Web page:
How do you like to unlock your Mac? This question wouldn’t have made sense prior to 2016, when Apple introduced Touch ID to the MacBook Pro—but times have changed.
Although the traditional password method is far from obsolete, new and exciting ways to unlock your Mac have emerged. If you don’t like typing, scan your fingerprints. If you don’t like fingerprint sensors, wear an Apple Watch.
Clearly, there’s more than one way to unlock a Mac. Some methods are relatively new, while others are tried and true. Let’s discuss all the ways to unlock a Mac using password, Touch ID, and Apple Watch.
1. Use Password to Unlock Your Mac
When it comes to unlocking your Mac with a good old-fashioned password, you have a couple of options. If you’re concerned about security and want to encrypt your internal drive, enabling FileVault is the ideal solution. We’ll discuss that in a moment.
But if security isn’t a concern, you can opt for a traditional admin password. In more recent versions of macOS, having an administrator account with a strong password is a decent way to secure your device. However, without FileVault enabled, someone could gain access to the contents of your unencrypted drive if they’re willing to put in the effort.
When you opt to access your Mac with a password, you’ll need to enter that password whenever you want to log in, unlock preferences panes, or perform other admin tasks. If the traditional method has served you well, you can continue to do things the old way without sacrificing security.
However, adding encryption to the mix is wise if your Mac contains any sensitive data. To enable FileVault encryption, you’ll need to go to System Preferences > Security & Privacy > FileVault and switch the feature on. And if you need to change your admin password at any time, System Preferences > Users & Groups is where you want to go.
2. Use Touch ID to Unlock Your Mac
If you’re a modern Mac user, Touch ID is one of the quickest ways to unlock your device—but the feature does more than just that. Once you’ve added your fingerprints to System Preferences > Touch ID, you can use Apple’s Touch ID tool in multiple areas, including:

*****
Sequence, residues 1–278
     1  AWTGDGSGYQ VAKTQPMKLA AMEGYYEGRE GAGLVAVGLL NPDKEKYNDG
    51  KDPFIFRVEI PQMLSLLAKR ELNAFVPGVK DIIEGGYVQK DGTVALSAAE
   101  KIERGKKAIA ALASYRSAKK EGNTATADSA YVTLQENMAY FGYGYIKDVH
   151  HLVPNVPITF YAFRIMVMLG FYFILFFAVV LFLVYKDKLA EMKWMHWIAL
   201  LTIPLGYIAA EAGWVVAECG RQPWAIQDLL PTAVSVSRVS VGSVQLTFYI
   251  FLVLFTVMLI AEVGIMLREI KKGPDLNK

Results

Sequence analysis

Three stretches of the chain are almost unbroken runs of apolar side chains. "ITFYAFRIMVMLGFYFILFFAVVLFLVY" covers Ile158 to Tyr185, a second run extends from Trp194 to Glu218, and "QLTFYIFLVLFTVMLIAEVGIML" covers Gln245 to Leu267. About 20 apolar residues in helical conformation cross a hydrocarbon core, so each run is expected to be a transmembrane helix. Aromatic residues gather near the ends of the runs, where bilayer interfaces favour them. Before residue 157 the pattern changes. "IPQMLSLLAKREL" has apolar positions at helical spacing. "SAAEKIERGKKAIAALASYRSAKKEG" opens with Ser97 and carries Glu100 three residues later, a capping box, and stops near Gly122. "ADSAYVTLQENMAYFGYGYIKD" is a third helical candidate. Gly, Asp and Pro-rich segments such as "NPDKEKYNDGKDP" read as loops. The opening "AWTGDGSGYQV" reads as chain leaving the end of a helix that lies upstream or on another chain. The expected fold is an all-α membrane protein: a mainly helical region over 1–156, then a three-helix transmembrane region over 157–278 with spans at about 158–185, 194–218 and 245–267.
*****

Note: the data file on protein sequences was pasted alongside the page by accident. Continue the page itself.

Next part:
- Apple Pay
- iTunes Store, App Store, and Apple Books
- Password AutoFill
- Fast user switching
- And, of course, unlocking your Mac
When you have Touch ID enabled, your Mac will still ask for a password when you first log in after restarting. But once you’re in, you’re free to switch to fingerprints for most security-related tasks.
3. Use an Apple Watch to Unlock Your Mac
Why waste time with pesky passwords or fussy fingerprint scanners when you can unlock your Mac simply by wearing a watch? The future is here, and it’s attached to your wrist. Once you’ve configured each your Apple Watch and Mac correctly, your Mac will automatically unlock whenever you’re nearby and wearing your Apple Watch. Security has never been simpler.
Here are the requirements for unlocking your Mac using an Apple Watch:
- macOS 10.13 or later
- Wi-Fi and Bluetooth turned on
- Signed into iCloud using the same Apple ID and two-factor authentication
- Passcode enabled on Apple Watch
To enable Apple Watch unlocking, you’ll need to go to System Preferences > Security & Privacy > General and tick Use Apple Watch to unlock apps and your Mac or Allow your Apple Watch to unlock your Mac, whichever option appears.
Once you’ve correctly configured the feature, being close to your Mac with your Apple Watch on your wrist should be enough to unlock your device.
What’s the Best Way to Unlock Your Mac?
If you’re a traditionalist, using a password to unlock your Mac is likely your style. The method may be effective, but it’s not the most efficient way to secure your computer.
If you fancy yourself a modern Mac user, Touch ID may be more your flavor. Using your fingerprints to unlock your device would’ve seemed like sci-fi only a couple of decades ago, and Apple’s responsive scanner streamlines most security-related tasks
If, however, you’re a futurist to the core, the Apple Watch should undoubtedly be your tool of choice when it comes to unlocking your Mac.